Monday, March 17, 2008

And now things get weird

Feel a little ill tonight - I've been undereating lately, and overcompensated tonight. Ugh.

This is right in the middle of the longest stretch of the book without dialogue - maybe 25 pages? - and has more than one surreal turn. The end of the book - which is the next part - gets a little apocalyptic. Gotta finish this up soon, though, I'm already well past 100 pages.

Met up with Paul Karasik on Friday so he could add his signature to Mazzucchelli's on my copy of City of Glass, which is in my humble opinion the best comic ever made. Karasik had some interesting comments on my artwork - I gave him a copy of the The Glacier which he initially told me looked great but when I showed him my roughs for Power Out he seemed much more impressed.

Paul was at the book store representing the Center for Cartoon Studies with a students Sean Ford and Alex Kim, and I voiced a concern about the computer facilities there, which simply put, are sub-par for an MFA program. Karasik then contributed the improvement in my artwork to its non-digital method of creation, claiming that computers were robbing my work of vitality.

I was skeptical - after all, roughs nearly ALWAYS have more energy than finished work which requires far more consistency, detail, and the demands of reproduction. But then I looked at a comparison between a page from Consumed, which I inked with a brush, and a page from the Glacier, and it does seem that there's something "magic" that the brush brings. This page feels like it has a lot of life in it, but it makes me wonder if I inked it with a brush whether it would have even more. Using a computer is very efficient, which is vital when making time consuming work like comics. Still, there are advantages to using a brush, too, not least of which is that you can display (and sell) your finished artwork a lot easier. A lot to consider after I finish the roughs and I figure out how I want the book to look.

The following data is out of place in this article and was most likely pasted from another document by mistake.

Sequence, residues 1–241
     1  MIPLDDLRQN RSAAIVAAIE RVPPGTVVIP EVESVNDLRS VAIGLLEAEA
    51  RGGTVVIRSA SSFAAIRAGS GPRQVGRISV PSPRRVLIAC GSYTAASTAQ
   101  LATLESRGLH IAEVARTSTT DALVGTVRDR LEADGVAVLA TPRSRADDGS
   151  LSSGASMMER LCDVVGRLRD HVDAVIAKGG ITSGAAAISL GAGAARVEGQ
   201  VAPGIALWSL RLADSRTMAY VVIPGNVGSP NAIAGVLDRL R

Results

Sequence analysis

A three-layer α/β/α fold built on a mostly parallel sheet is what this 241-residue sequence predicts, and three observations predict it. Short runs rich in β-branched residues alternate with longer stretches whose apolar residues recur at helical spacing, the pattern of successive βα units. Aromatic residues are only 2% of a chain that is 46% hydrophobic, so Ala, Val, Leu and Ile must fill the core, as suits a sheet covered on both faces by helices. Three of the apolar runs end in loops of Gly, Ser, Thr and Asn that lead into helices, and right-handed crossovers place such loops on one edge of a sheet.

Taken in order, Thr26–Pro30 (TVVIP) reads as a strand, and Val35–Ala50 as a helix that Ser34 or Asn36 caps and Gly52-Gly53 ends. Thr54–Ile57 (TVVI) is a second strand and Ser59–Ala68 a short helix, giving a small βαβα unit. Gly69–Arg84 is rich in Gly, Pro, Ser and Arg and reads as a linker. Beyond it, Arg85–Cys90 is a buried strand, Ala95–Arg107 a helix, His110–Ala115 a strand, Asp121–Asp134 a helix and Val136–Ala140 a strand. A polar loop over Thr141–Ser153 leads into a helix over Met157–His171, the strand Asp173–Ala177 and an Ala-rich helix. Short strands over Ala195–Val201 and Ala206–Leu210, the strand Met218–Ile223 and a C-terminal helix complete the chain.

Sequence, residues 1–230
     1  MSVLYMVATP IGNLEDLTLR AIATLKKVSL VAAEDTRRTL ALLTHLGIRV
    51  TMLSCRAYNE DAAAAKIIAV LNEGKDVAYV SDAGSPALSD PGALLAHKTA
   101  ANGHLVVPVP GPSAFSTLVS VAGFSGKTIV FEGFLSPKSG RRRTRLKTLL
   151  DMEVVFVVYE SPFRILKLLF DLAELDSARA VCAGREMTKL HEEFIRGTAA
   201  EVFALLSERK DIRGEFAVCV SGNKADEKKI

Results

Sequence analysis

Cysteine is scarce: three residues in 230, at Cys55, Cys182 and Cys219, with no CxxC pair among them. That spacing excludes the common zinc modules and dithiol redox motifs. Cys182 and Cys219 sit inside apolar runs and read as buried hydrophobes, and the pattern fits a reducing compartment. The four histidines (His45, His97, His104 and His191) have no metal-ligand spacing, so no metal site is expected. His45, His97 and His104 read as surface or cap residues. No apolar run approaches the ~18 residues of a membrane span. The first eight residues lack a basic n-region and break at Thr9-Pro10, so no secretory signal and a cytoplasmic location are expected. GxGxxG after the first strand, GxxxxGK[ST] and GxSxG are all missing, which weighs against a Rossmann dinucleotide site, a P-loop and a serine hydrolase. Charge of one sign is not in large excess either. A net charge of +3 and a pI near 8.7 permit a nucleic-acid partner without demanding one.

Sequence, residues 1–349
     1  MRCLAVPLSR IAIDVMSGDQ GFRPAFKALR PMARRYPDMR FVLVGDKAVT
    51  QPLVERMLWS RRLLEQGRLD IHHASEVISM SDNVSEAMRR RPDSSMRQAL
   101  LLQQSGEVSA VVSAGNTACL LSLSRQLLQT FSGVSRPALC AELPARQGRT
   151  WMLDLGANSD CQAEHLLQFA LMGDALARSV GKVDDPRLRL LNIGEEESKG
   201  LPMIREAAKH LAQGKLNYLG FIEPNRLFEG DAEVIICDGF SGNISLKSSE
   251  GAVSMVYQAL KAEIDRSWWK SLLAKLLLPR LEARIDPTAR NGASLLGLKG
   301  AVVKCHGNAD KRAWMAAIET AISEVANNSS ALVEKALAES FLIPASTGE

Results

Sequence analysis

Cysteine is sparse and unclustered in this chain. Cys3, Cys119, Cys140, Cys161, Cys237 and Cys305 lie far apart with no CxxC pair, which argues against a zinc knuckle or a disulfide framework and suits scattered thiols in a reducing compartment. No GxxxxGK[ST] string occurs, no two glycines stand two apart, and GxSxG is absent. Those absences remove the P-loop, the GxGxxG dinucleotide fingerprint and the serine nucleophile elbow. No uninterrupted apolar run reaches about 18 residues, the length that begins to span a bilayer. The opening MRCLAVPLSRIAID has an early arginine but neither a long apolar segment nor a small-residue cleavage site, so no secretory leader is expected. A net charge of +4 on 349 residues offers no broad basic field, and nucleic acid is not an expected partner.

On an encouraging note, the students told me Jason Lutes would be full-time faculty at the school next year. Besides being a great guy who probably gave me the best interview of my life, I've just finished the first installment of Berlin and can say with confidence he's one of the top cartoonists working today.

1 comment:

Anonymous said...

Interesting comments... His take could well be true, but I wonder how much is also due to a "tradition versus suspicious new technique" way of thinking. After all, graphic artists deserve economic parity as much as anyone, and if the computer allows you to earn extra time and hence extra $, the notion of purity might be elitist...